Seventy years ago this week, Parliament passed the National Parks and Access to the Countryside Act, ground-breaking legislation that created National Parks and Areas of Outstanding National Beauty in England and Wales.
Introduced to preserve and enhance these iconic landscapes for the enjoyment and well-being of all, the then Minister for Town and Country Planning, Lewis Silkin, described it as ‘the most exciting act of the post-war parliament’. Also addressing public rights of way and access to open land, the Act was part of the country’s reconstruction after the second world war.
Since the designation of the Peak District in 1951, the National Parks family has grown to ten in England – including the Broads – three in Wales and two in Scotland. Northumberland National Park was officially designated in 1956, becoming England’s northern most National Park.
In England alone, National Parks cover 10% of the country and contain almost 30% of the country’s internationally important wildlife habitat, with Northumberland National Park covering 21% of the county. The Parks were where the first environmental farming payments were piloted.
Here in Northumberland, nature and the environment are high on the agenda with the equivalent of 241 football pitches of peatland being restored on the summit of Cheviot, as well as 2,000 ha of native woodland planted in Northumberland since 2000. In July 2017, Northumberland National Park opened The Sill: National Landscape Discovery Centre in 2017 to enable more and different people to enjoy our National Park. The Sill aims to provide 30,000 activity days per year many of which will be made up of school visits.
Dark Skies tourism in the UK is also on the rise amongst National Parks, with Northumberland International Dark Sky Park being credited with bringing £25 million into the region, as well as being named one of the UK’s most pristine dark skies.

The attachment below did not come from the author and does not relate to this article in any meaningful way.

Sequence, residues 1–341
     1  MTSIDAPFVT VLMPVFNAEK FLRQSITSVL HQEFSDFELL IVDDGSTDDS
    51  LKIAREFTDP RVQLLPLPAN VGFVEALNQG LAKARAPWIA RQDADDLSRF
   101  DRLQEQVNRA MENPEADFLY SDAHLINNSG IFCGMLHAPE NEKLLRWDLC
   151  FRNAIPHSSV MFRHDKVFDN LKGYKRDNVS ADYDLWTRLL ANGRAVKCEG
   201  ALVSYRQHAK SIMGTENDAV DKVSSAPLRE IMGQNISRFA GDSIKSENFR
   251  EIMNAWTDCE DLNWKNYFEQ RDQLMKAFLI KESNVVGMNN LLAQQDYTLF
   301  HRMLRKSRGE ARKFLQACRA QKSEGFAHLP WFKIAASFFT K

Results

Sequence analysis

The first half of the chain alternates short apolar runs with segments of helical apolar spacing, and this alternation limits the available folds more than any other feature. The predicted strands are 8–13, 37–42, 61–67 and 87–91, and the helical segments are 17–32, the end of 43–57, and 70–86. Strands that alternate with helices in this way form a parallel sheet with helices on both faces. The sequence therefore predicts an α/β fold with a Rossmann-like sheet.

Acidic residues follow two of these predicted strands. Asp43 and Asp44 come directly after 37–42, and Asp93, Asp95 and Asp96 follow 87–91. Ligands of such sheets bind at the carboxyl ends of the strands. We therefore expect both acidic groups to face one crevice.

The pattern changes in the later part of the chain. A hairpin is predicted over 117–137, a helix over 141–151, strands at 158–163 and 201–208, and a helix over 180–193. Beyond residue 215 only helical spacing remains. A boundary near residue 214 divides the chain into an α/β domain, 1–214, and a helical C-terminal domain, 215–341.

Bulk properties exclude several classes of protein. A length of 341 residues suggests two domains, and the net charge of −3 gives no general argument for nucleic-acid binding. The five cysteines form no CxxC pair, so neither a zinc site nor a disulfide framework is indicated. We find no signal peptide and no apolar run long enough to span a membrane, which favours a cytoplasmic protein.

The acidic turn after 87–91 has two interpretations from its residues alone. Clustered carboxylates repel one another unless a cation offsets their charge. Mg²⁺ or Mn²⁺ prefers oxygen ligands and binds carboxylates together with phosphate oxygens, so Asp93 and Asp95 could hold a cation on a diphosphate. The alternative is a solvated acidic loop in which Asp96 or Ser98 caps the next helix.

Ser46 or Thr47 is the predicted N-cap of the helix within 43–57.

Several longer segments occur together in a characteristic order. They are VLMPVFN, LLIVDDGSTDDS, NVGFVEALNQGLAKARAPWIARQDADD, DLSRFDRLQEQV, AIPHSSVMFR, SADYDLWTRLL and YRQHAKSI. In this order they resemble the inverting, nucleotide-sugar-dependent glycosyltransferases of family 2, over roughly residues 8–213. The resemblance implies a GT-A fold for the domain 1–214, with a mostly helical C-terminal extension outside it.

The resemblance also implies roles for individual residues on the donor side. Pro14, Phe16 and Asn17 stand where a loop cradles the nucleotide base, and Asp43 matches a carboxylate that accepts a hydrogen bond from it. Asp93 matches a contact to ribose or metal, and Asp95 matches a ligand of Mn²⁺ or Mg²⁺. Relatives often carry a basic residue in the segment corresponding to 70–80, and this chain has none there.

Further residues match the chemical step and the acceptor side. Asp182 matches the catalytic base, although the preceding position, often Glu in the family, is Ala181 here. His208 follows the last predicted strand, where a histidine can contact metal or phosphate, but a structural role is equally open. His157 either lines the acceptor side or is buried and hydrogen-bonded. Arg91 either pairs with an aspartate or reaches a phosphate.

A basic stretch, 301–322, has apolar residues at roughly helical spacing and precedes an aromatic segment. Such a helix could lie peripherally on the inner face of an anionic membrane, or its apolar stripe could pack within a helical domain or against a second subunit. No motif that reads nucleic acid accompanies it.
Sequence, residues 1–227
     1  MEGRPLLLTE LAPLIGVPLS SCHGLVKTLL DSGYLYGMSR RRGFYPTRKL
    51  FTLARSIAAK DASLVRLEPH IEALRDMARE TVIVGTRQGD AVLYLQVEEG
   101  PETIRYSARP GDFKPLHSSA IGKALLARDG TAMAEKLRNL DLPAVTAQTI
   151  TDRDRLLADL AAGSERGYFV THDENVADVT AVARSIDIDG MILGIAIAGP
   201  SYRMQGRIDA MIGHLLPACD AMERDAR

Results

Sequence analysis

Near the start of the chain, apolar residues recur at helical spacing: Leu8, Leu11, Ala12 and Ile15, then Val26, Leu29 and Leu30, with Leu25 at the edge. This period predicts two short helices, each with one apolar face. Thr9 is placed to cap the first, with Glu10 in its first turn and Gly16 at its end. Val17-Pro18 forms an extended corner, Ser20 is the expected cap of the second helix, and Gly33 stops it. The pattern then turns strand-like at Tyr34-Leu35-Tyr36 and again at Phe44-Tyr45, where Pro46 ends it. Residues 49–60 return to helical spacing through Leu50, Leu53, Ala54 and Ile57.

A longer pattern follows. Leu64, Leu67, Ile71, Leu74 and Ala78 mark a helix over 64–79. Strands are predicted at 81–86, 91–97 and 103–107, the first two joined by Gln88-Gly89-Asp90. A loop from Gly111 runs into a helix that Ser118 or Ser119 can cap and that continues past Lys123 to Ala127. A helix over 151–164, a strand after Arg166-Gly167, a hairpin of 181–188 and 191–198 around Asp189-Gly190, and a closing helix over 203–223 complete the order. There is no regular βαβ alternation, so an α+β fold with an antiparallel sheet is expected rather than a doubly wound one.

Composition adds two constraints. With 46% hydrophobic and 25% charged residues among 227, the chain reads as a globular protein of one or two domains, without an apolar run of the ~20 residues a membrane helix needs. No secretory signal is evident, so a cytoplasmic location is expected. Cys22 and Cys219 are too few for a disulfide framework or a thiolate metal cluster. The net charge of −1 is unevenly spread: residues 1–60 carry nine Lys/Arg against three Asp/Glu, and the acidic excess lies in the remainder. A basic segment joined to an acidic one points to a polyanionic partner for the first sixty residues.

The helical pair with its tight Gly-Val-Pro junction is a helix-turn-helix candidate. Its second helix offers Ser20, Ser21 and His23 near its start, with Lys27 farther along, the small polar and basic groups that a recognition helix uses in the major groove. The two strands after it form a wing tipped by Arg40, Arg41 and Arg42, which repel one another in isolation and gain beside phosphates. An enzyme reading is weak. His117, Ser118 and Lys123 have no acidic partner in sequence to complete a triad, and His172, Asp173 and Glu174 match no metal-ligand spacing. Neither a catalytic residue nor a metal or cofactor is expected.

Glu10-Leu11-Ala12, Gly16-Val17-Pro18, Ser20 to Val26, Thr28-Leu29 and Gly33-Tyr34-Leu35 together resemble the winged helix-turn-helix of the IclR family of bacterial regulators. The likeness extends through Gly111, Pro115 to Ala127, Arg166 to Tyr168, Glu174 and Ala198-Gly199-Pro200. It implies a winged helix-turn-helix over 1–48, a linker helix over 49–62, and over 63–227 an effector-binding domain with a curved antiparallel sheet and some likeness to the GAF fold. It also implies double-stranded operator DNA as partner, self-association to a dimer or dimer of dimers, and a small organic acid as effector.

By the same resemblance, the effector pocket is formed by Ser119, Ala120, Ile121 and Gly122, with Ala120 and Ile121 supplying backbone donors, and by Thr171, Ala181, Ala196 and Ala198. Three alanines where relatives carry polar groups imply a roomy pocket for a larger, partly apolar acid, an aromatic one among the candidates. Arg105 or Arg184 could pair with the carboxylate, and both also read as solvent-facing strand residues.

Unlike National Parks in many other countries, our national parks in England are also living working landscapes; home to 25,220 businesses, providing 170,312 jobs and generating £13.7 billion in turnover – equivalent to the size of a small city like Leicester. More than 98m visitors are welcomed each year, along with 115,000 school children. In Northumberland, there have been 1.63 million visitors to the UK’s most tranquil landscape, with a contribution of £170 million to the local economy.
Looking to the future, National Park Authorities in England want to connect with and inspire as many people as possible so that they can benefit from, value, and care for these special landscapes.
The four key ambitions of the English National Parks are:
1) To be at the heart of nature recovery
2) To shape the future of farming and land management
3) To lead on the climate change emergency
4) To be Parks for everyone
Glen Sanderson, Chairman of Northumberland National Park Authority said: “We are very proud to be part of the fifteen UK National Parks and Northumberland National Park is a shining example of the objectives and aims of the 1949 Act in action. From our conservation work on the Cheviot Hills, to the outreach and education work of The Sill, our National Park is a park for everyone. We are especially proud of everyone living and working in the Park who make it what is. A huge congratulations to our fellow National Parks – here’s to an exciting future!”
National Park Authorities work in partnership with local communities, landowners and a range of other organisations and interest groups, including thousands of volunteers, to look after these special places for everyone. They share the 70th anniversary of the National Parks and Access to the Countryside Act 1949 with the Areas of Outstanding Natural Beauty (AONBs), which together make up the protected landscapes in this country.